The makers of the Ion360 U ($299) are banking on the idea that lots of people want to record full 360-degree selfie videos with their phones. That’s a reach, but if you’re part of that group, there are much better ways to do it, for less money. The Ion360 U is easy to use, but requires you to add a bulky case to your phone and nets video that lacks detail, shows overly ruddy skin tones, and has glitchy audio. For a lot less you can get our Editors’ Choice Samsung Gear 360, which can operate independently of a phone or in conjunction with any of the phones supported by the U.
The Ion360 U doesn’t require a form-fitting case to work, and because of
The case is plastic, available in gray or teal, and includes its own battery. It connects to the USB-C (Samsung) or Lightning (Apple) port to communicate with your phone. The camera portion is detachable, plugging into the case at the top via USB. It fits
If you’re an Apple user, there’s some bad news. The case has its own micro USB port. It supports pass-through charging, but not audio (and the supported iPhones lack headphone jacks). That means you absolutely need to upgrade to Bluetooth headphones if you want the Ion360 U to live on your phone at all times. That’s not a problem for Galaxy owners—the case lets you plug headphones in.
You need to download the Ion360 U app from the Apple App Store or Google Play. It’s easy to use, but that’s because it doesn’t offer a lot of options. You can choose between video, still, or live video streaming to Facebook or YouTube. That’s it. Once a clip or image is captured you can view it, save it to your camera roll, or upload it, but you don’t get video editing or image adjustment tools. The Ion360 U doesn’t support Little Planet projections either, which is surprising as it’s a popular way to share 360-degree content.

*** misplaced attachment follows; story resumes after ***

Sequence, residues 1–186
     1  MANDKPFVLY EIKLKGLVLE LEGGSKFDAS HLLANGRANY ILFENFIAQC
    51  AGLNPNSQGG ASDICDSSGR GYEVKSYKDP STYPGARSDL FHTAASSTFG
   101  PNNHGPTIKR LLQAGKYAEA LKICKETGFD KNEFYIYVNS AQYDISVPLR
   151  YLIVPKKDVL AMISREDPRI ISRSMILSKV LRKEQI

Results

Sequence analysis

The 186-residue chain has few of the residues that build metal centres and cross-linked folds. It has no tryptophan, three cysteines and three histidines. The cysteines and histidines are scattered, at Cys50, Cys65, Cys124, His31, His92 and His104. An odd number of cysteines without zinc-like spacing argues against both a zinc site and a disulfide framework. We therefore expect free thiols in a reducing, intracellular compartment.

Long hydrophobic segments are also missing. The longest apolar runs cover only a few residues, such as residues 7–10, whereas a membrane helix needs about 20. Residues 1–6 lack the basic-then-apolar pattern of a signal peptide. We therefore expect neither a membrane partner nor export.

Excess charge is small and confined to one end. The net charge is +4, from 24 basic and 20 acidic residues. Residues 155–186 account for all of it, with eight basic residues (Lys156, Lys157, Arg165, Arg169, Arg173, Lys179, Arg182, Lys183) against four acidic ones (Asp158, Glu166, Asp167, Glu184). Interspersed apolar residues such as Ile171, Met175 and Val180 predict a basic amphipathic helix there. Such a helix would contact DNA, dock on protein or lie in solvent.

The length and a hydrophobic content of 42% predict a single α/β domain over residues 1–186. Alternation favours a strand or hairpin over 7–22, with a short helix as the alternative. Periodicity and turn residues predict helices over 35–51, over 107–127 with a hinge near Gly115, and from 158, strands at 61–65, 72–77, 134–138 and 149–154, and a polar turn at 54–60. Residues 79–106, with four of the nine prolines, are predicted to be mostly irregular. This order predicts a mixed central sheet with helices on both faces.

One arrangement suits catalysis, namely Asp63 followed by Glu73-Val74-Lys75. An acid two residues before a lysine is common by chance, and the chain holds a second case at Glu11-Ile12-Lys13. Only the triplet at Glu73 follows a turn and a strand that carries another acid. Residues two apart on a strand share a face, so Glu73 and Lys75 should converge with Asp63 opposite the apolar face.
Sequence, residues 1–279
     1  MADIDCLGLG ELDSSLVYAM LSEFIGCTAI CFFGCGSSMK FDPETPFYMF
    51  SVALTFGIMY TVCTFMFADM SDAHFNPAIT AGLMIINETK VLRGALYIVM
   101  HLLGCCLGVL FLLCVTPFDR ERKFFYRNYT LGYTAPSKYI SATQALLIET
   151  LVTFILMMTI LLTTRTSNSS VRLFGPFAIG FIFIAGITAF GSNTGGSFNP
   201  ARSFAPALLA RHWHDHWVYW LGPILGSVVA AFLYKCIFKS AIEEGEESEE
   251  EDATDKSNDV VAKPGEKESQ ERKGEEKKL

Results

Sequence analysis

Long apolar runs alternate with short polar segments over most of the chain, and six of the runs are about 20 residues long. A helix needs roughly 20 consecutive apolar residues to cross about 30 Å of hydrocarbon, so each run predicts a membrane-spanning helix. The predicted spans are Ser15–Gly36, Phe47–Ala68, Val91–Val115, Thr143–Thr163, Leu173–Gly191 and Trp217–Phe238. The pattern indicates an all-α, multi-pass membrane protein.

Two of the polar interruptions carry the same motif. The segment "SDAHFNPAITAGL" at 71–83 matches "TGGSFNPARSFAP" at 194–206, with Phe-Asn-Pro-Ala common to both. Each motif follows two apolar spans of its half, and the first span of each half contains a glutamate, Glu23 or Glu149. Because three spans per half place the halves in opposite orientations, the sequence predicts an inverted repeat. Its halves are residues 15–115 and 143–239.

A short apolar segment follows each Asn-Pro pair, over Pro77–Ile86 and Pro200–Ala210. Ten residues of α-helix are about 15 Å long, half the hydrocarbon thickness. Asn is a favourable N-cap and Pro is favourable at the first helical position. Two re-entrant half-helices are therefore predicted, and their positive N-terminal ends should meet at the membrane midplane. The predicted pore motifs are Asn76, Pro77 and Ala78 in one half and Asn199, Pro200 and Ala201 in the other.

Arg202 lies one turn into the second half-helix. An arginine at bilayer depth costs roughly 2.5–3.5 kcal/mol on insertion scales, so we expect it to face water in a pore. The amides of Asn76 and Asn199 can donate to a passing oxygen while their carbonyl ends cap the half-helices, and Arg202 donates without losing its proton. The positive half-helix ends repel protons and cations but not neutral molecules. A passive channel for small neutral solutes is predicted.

Video and Image Quality
The U records video at 4K (3,840 by 1,920) quality at 30fps. That’s par for the course for 360 cameras. We’ve seen a couple on the higher end of the price spectrum break the 5K barrier—notably the GoPro Fusion, Garmin Virb 360, and YI 360 VR. Resolution is important with 360-degree video as pixels aren’t constrained to a tight 16:9 frame. Instead, they’re stretched out into a virtual sphere for playback.
Because of this, the 4K video captured by the U doesn’t look as good as what you’re used to from the resolution. It doesn’t even look as good as 1080p; it’s more like standard definition. Close-up subjects, like your face, show acceptable detail, but distant objects are blurry. Stitching is actually quite good; as long as you don’t get too close to the side of the lenses there are no visible seams.
A lack of resolution, inherent to 4K 360 footage, isn’t the only problem I saw. My face looked unnaturally red in test clips, and there were random audio glitches throughout the soundtrack—you can hear them when viewing our test clip.
And, because the Ion360 U is a handheld device by nature, you are limited to selfie videos. Yes, you can get a phone clip and tripod, but that’s a cumbersome contraption. You’re better off with a freestanding device with a standard tripod socket, like the Gear 360 or Ricoh Theta V, so you can do more than just record yourself.
Images are essentially frame grabs from video, matching it in resolution, about 7.3MP. The same quality issues that apply to moving footage applies to still imaging. This is in contrast to other 360-degree cameras, most of which offer higher still image resolution than video for more detailed shots.
I can’t recommend the Ion360 U. At $299, it’s just too expensive. Video quality isn’t great, there are audio problems, and its design is clunky. You need to add a bulky case to your phone to use it, and because it’s a phone add-on, using it with a tripod is a tricky proposition. If you want a 360-degree camera and you already own (or are buying) any of the phones supported by the U, get the 2017 version of the Samsung Gear 360 instead. It sells for less than $200, works with the same phones, and boasts a standalone form factor that lets you do more than just record yourself.